When a joint can move beyond the normal range of movement, this is known as a hypermobile joint. It may be present in just a few joints, such as the knees or the back, or it may be widespread.In many people joint hypermobility doesn’t cause any problems. But a small percentage of the population can have joint and ligament injuries, pain or discomfort.
Joint Hypermobility Syndrome (HMS) is a specific condition. Other symptoms of HMS may be less obvious than the hypermobile joints. These can include: gastrointestinal problems, such as IBS (irritable bowel syndrome) and bladder problems. People may also bruise easily and suffer from fatigue and depression.
Some people are very hypermobile and feel very insecure in their body. They can find it difficult to stand or sit with ease. Others may be quite stiff, partly due to holding tension around unstable joints.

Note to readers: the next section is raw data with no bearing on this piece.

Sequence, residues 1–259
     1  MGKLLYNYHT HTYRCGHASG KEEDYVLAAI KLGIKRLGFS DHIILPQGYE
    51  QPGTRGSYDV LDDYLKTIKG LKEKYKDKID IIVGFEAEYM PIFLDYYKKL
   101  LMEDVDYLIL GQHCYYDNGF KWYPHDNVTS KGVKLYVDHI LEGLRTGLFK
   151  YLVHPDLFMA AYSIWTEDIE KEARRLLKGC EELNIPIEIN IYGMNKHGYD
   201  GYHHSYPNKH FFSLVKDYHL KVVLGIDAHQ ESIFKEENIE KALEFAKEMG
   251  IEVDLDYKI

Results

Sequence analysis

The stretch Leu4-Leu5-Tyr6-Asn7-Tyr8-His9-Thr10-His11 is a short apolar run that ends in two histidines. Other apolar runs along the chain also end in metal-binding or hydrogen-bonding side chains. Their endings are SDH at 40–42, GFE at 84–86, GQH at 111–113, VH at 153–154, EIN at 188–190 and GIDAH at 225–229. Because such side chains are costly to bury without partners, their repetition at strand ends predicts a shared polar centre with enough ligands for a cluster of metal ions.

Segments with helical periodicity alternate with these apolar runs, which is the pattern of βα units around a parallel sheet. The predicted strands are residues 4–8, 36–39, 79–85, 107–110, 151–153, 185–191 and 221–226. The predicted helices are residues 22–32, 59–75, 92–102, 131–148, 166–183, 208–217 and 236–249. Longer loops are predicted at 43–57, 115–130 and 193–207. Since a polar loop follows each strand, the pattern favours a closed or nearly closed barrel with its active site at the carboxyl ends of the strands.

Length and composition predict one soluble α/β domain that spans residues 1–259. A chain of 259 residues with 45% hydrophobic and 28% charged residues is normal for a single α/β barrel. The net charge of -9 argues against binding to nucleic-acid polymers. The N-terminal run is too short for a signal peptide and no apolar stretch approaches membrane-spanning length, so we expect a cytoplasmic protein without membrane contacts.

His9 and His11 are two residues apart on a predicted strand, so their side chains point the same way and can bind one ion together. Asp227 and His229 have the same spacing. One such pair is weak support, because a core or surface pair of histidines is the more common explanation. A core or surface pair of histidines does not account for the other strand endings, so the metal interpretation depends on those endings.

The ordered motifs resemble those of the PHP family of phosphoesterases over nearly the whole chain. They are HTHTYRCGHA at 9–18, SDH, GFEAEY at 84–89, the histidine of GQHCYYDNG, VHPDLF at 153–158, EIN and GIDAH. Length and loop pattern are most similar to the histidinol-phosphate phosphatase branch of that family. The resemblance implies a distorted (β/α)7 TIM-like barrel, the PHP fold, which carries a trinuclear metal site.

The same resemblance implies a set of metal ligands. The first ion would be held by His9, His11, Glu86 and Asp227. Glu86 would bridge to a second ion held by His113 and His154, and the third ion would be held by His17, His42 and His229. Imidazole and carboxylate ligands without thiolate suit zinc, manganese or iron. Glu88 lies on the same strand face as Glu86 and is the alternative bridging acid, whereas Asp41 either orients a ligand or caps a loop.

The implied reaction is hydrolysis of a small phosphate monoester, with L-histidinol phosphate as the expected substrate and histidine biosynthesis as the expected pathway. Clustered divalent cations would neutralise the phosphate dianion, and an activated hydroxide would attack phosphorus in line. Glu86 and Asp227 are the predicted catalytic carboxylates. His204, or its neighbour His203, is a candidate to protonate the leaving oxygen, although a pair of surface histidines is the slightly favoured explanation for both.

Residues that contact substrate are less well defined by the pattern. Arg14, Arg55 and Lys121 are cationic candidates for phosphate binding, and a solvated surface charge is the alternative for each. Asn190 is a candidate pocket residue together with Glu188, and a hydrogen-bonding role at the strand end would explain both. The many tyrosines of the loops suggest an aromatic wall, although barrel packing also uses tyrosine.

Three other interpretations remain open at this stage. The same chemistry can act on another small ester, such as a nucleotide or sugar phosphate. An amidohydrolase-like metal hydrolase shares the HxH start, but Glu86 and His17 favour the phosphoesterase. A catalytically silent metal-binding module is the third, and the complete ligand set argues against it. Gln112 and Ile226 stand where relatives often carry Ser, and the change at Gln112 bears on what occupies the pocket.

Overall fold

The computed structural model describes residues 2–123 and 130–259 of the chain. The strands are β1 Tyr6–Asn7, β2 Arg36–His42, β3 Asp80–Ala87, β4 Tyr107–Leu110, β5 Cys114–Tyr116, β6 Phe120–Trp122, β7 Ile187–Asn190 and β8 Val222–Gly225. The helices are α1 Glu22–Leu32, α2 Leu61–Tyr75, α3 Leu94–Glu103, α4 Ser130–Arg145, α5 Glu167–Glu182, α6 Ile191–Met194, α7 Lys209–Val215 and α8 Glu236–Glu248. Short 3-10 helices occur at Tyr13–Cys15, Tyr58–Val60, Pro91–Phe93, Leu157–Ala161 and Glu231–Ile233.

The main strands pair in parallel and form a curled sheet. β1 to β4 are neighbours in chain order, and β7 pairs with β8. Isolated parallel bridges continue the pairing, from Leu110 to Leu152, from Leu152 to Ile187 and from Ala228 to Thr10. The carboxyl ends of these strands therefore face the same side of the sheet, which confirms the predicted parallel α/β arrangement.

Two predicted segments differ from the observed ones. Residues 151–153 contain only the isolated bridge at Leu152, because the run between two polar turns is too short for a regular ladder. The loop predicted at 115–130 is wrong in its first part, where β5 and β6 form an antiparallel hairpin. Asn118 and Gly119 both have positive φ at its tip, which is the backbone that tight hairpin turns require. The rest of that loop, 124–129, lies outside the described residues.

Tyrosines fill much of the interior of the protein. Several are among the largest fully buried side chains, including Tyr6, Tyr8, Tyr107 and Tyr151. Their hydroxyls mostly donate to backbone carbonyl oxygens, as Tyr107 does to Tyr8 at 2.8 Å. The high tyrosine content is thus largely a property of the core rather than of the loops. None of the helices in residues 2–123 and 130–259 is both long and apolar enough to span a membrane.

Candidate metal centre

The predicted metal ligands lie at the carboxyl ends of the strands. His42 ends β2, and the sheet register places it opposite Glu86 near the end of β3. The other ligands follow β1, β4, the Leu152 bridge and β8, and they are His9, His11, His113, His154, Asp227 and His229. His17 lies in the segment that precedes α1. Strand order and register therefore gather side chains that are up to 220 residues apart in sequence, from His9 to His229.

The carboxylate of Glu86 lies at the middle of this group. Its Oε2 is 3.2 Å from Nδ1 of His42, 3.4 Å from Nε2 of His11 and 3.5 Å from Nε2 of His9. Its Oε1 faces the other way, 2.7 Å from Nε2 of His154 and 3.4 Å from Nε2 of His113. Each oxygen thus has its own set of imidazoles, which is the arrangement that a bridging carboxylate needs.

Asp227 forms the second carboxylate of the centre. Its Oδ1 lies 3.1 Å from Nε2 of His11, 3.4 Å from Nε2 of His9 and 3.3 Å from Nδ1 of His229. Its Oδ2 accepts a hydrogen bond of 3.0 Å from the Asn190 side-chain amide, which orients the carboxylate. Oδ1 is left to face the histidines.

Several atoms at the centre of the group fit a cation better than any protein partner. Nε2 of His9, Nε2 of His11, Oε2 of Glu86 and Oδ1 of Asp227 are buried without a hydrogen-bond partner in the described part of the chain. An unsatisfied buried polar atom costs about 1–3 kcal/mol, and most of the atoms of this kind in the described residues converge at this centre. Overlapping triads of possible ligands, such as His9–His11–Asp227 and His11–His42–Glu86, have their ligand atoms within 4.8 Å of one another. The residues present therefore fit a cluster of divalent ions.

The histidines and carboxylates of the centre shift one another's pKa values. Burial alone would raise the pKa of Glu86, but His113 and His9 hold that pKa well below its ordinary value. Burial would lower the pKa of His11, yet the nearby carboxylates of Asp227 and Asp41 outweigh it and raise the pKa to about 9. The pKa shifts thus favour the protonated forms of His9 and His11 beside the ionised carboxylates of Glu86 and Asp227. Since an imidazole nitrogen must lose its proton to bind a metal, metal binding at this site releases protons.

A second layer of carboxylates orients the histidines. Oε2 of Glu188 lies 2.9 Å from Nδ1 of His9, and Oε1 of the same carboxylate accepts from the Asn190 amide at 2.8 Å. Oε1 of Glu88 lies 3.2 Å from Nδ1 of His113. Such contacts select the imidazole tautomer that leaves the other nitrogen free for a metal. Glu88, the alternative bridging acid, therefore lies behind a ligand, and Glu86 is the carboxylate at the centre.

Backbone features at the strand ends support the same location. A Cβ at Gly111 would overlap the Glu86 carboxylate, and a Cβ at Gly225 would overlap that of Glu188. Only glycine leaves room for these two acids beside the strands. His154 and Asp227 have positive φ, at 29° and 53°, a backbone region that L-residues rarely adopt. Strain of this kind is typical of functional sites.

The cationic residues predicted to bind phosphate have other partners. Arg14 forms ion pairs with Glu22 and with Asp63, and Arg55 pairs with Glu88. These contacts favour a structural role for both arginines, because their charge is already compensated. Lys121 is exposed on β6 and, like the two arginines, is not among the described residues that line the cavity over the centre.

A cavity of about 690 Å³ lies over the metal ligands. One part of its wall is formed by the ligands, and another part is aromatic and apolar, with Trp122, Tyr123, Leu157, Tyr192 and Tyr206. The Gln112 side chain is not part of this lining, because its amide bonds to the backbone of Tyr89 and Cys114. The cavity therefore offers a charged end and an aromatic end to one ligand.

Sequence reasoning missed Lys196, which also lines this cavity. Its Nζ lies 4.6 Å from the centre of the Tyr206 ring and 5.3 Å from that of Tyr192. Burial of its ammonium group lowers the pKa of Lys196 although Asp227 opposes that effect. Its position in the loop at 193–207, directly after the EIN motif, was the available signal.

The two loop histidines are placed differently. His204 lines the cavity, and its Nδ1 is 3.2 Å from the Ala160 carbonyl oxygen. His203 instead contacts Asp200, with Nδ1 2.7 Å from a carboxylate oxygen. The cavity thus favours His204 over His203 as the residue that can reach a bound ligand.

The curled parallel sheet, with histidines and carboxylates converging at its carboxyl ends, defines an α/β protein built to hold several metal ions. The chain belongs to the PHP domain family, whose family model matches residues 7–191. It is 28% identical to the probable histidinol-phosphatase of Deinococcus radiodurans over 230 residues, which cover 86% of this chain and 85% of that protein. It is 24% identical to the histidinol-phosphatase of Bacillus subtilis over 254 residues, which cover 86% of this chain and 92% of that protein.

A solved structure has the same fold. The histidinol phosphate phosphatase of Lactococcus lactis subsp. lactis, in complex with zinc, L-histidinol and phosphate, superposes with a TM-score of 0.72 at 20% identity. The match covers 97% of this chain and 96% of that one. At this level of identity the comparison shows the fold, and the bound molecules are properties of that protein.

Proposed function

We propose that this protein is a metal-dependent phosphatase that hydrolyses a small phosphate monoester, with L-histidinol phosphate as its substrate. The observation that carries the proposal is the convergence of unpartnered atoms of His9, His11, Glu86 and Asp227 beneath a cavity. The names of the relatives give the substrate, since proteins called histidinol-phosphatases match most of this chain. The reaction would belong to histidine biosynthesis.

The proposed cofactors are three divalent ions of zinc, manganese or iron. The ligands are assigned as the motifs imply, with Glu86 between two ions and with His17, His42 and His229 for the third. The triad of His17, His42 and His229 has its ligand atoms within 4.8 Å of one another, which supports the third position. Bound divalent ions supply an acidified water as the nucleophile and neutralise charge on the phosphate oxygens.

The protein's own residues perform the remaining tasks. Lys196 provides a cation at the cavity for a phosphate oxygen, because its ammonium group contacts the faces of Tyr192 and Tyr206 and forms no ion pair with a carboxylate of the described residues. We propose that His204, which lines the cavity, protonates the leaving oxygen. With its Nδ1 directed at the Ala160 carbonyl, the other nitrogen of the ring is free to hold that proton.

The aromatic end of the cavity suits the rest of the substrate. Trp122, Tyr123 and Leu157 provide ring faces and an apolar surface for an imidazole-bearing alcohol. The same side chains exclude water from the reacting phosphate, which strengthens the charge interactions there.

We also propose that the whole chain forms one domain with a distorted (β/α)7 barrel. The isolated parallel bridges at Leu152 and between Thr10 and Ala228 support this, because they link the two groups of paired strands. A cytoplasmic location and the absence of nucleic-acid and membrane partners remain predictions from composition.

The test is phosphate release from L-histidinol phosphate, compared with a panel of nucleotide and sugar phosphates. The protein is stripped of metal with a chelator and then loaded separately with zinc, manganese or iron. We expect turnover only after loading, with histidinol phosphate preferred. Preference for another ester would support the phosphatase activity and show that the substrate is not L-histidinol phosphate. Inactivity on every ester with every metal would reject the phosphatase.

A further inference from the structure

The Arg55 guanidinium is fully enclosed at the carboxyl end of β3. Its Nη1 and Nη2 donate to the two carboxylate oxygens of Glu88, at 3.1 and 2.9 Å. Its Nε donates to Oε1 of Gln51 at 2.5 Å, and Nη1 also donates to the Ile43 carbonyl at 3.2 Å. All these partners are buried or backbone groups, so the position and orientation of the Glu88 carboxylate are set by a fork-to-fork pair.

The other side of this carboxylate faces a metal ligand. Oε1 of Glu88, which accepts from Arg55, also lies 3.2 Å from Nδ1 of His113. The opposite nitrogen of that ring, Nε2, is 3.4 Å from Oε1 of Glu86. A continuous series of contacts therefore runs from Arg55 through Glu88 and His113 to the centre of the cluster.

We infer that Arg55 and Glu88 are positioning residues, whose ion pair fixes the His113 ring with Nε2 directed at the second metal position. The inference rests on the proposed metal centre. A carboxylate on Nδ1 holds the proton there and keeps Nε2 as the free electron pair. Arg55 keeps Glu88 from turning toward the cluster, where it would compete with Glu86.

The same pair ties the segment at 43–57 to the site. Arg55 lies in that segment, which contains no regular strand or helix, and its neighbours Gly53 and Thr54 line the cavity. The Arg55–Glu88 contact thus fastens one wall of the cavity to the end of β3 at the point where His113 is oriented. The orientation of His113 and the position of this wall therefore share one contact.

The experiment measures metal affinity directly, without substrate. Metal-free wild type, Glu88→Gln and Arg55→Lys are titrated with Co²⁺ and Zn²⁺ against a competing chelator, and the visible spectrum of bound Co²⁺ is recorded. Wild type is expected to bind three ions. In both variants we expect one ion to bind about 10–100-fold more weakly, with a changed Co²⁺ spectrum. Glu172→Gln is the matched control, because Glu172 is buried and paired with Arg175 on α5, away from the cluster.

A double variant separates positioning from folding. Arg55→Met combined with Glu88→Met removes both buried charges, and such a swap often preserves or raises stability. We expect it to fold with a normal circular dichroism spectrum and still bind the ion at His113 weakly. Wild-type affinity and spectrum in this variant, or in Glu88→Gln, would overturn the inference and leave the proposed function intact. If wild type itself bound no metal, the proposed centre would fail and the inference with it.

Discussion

The Hypermobility Syndromes Association recommends the Alexander Technique to help manage symptoms.
Just because you can doesn’t mean you should
Hypermobility can be helpful for some. Athletes, gymnasts, dancers and musicians might specifically be selected because of their extra range of movement. However, just because it is possible to move a joint fully, it may not always be safe to do so.
An Alexander Technique teacher can show people how to care for their bodies in a safe way and how to limit ranges of movement, where necessary. It’s a very gentle approach.
As awareness of HMS is increasing, more young people are being diagnosed. This is also raising awareness amongst adults, particularly where there is a genetic component.
Find out more on hypermobility
The following links provide further reading: